This morning’s sunrise hike was through my yard with the pups. The sun tinted the cattails in such a way…it was pretty.   But cattails aren’t just pretty. During one of our nature hikes I learned about the editable qualities of cattails. Poultices can be made from the crushed roots that can be used on cuts, burns and bruises.  But the most special association with cattails, for me, is “peace.” It is said that the bulrush flower spike, given as a gift, is intended as a symbol to end any conflict.  If only… Prayers for sunrises lighting the way towards peace, on all corners of our earth.  A more than pretty way to begin any day.

True Nature

  I was invited to teach yoga/meditation and an intention to some high schoolers in a school by a student that I practice with at my studio the other day. I have forgotten how inspiring such an exchange is.   I was reflecting on one of the intentions that I’ve worked with teens on and that is, living your truth, your true nature. How do we really live our lives—like we see ourselves, or like others see us. If we were to describe ourselves, do we see ourselves really as we are or do we see ourselves through the eyes of what others see.  Which is more true?  I’ve learned through experience that it’s a challenge to live what others expect of you, because that involves taking into account all of their past experiences that brought them to where they are today. However, it can be more of a challenge living your own truth. Isn’t it easier to please others. Does this lead to surpassing expectations, letting people down? Perhaps sometimes one, sometimes another, and sometimes a little of both.


Summer 2018-  “I have an idea,” Is probably one of my favorite sentences. Whitnie said it to me a few weeks back. She told me her idea and asked if I wanted to do it with her.   I love new ventures more than anything. But the biggest reason why I didn’t hesitate to say yes was because of the idea itself. And where it came from. And what it means to her, to me, and hopefully…to others.    Tupo pamoja was a phrase in Swahili  she learned when she was volunteering at an orphanage in Tanzania. The folks there say it. Translated loosely it means we are one .    As we were brainstorming, Whitnie and I discussed the meaning at length. We are one doesn’t infer that we are the same, of course. But more so that we are different-and honor  each other because of our differences, not despite of them. Peace. Sacred. Unconditional. Understanding. Love-- are all written into the meaning of the phrase “we are one.”      In the work that I do, it’s the language I already speak. Not Swahili as much (I kn

A Woman's Place is in the Wild

  I learned a lot from my mom and my grandma. My mom ran a successful business, raised three kids, had a 51 year old marriage before she passed away. And every night without fail, she made a home cooked meal for her family. She’s also the one who helped me find frogs, taught me how to gently hold a baby turtle, and calmly helped me look for a snake that had escaped from the jar and was slithering around our house.     When I’d walk down the street and visit my grandma, she’d stop ironing my grandpa's shirts, or cleaning floors or baking homemade brownies. And she’d take me in the woods and exclaim how each wild flower was more beautiful than the next.    I’m hoping I’ve passed down some good ingredients on how to be a balanced woman in today’s world to my three daughters. Maybe I wasn’t the one who taught our three how to cook or how to iron. But as they are finding their places in the world, I know one place they’ll always feel at home…thanks to the moms of our life, my mother, g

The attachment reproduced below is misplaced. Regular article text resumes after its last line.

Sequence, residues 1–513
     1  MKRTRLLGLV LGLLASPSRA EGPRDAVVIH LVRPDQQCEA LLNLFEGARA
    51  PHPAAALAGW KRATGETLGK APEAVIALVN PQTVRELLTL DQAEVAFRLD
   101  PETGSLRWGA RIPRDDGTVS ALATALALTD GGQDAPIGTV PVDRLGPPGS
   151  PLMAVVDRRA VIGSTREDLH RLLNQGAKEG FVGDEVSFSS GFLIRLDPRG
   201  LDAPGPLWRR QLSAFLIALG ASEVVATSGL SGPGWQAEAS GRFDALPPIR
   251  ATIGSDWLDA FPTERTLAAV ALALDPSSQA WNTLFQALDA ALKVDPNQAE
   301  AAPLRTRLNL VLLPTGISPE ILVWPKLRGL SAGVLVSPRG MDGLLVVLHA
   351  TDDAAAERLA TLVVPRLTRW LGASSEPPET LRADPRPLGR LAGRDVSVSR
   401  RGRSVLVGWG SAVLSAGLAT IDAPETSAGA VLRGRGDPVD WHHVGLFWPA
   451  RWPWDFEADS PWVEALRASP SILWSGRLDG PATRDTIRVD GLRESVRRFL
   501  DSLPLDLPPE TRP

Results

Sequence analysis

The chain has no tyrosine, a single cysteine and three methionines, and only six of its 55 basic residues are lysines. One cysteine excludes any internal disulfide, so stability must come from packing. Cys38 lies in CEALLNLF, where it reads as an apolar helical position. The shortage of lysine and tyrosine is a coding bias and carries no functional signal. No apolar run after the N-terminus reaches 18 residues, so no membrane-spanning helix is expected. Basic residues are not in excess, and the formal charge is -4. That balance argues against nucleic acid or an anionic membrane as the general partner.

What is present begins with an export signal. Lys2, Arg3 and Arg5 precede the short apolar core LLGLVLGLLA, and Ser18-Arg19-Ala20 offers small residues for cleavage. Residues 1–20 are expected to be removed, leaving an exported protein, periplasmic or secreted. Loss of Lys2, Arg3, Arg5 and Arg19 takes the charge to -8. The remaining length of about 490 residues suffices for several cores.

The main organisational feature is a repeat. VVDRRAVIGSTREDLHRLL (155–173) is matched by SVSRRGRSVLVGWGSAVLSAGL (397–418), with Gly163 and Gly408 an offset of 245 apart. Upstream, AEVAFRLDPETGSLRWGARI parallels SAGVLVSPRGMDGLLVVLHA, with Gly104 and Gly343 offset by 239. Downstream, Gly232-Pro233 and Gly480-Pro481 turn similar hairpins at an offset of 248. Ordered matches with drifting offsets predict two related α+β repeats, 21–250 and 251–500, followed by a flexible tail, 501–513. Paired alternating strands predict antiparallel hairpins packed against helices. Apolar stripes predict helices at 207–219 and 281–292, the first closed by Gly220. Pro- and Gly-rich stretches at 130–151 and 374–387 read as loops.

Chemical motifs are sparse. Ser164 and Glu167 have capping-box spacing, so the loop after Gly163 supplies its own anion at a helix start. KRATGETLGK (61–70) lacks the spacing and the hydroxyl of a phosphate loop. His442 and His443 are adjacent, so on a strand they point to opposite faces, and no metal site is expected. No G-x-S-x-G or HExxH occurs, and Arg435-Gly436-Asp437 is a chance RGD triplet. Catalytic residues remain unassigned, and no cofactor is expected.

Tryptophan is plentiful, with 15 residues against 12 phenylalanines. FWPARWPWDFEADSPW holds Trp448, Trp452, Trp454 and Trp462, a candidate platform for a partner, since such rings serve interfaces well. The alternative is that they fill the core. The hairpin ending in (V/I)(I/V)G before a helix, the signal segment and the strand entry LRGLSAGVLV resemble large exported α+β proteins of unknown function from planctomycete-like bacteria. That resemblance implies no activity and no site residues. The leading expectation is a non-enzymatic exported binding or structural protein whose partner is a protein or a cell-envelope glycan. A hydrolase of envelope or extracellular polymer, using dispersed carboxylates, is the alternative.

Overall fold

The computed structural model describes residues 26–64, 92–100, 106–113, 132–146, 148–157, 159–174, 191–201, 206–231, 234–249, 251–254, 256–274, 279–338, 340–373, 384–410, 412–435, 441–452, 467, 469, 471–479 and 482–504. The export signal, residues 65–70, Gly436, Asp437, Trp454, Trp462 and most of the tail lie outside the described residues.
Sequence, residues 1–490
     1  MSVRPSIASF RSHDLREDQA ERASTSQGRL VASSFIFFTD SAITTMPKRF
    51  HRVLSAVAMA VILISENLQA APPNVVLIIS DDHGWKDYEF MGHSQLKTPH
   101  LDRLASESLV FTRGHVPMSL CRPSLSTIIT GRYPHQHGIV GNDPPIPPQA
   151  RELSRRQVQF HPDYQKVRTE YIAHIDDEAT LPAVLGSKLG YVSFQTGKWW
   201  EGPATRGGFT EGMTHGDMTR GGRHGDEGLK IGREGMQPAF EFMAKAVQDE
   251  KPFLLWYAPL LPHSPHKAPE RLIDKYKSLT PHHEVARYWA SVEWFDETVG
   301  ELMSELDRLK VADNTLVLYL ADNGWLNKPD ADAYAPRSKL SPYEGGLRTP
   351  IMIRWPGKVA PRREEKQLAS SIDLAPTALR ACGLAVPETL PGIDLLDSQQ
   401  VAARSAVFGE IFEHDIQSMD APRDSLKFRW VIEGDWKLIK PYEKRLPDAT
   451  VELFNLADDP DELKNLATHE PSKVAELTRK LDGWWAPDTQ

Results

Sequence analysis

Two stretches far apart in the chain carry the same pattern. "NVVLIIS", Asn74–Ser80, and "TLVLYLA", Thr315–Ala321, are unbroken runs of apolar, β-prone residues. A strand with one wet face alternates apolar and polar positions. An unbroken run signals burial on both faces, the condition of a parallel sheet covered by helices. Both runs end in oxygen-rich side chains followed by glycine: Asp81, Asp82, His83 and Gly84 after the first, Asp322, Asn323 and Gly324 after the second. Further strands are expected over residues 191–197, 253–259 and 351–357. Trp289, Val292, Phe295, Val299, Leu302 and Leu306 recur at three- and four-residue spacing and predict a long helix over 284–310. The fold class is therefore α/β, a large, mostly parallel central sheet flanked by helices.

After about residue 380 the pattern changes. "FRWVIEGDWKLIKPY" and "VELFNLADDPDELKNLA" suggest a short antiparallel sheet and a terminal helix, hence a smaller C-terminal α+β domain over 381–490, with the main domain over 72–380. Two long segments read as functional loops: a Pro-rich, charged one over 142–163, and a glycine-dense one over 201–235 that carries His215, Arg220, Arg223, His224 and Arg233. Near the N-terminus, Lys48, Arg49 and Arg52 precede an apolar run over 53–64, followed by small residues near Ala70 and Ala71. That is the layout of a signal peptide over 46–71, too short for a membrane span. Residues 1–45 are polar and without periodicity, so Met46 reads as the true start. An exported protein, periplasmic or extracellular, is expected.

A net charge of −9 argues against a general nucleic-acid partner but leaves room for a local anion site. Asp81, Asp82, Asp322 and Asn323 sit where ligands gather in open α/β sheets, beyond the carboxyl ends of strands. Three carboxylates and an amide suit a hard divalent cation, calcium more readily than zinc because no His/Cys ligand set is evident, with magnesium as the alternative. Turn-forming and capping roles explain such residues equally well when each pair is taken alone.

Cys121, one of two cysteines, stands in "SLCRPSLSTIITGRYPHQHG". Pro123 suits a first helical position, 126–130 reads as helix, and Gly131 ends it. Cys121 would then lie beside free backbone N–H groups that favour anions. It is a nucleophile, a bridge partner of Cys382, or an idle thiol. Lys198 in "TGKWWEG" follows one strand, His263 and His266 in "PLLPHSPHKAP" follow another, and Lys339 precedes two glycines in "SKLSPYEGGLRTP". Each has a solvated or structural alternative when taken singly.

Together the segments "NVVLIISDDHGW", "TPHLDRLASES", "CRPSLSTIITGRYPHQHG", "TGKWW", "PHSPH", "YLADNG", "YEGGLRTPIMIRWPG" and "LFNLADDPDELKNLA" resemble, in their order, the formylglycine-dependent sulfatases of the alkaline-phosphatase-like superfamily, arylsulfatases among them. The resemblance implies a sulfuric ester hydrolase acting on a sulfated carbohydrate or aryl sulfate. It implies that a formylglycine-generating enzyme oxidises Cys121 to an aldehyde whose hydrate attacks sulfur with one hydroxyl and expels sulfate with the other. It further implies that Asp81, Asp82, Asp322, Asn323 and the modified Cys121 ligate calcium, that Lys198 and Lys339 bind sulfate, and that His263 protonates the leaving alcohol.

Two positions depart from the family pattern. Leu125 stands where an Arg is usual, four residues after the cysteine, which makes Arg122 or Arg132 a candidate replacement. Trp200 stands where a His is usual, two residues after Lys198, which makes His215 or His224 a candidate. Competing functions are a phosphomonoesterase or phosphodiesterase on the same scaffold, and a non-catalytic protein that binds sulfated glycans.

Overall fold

Our Nature

Spring 2018- One other time I had heard the sound of a fawn in distress, so when I heard the bleating this time, coming from somewhere in woods, I was pretty sure I knew what it was.  As a teacher, mom, yoga guide, energy therapy worker-- it is often my job to help. But sometimes, I know, the best form of help is to not get involved. And in the woods, many experts say it’s best to let nature take its course. Let it be. And so that’s what I did. I let it be.  Until the crying stopped. And time went on. And eventually there I was in the lower field. And there she lay in a wet part of the woods barely able to move, injured, with other signs that I won’t detail here that she was in a desperate state.  As I looked at her, barely able to move, I hesitated, considering again  letting nature take its course. But then  my  nature got the better of me.  Whitnie gathered a blanket, made a nest in a big enough box. Kaiti arrived home, hearing what was going on. Standing in the garage. Hushed voice

Searching Nature(s)

Searching Nature(s) Sprin, 2013- I was one of those little kids with muddy knees and swamp soaked tennies. The woods were my playground. Hiking worn deer paths and dipping toes in icy brooks was what I did. A lot of what I learned growing up involved my time spent among the trees. Yet as an adult I became aware that for as much as I knew about nature, there was more to discover. One such treasure was the coveted morel mushroom. When I learned they existed, I couldn’t wait to begin the search.  But first, you need to learn what to look for.  So I did research online. In books. The tips of finding the morel were plentiful. Search under a deal elm or among an old apple orchard. After a good rain and a few warm days. When the lilacs bloom.  But when I walked the woods, I couldn’t find.  So you find a guide/teacher to take you further.  A friend would show us what to look for. Do you know what it’s like when you take a picture of a flower with your smart phone? You point the camera to the p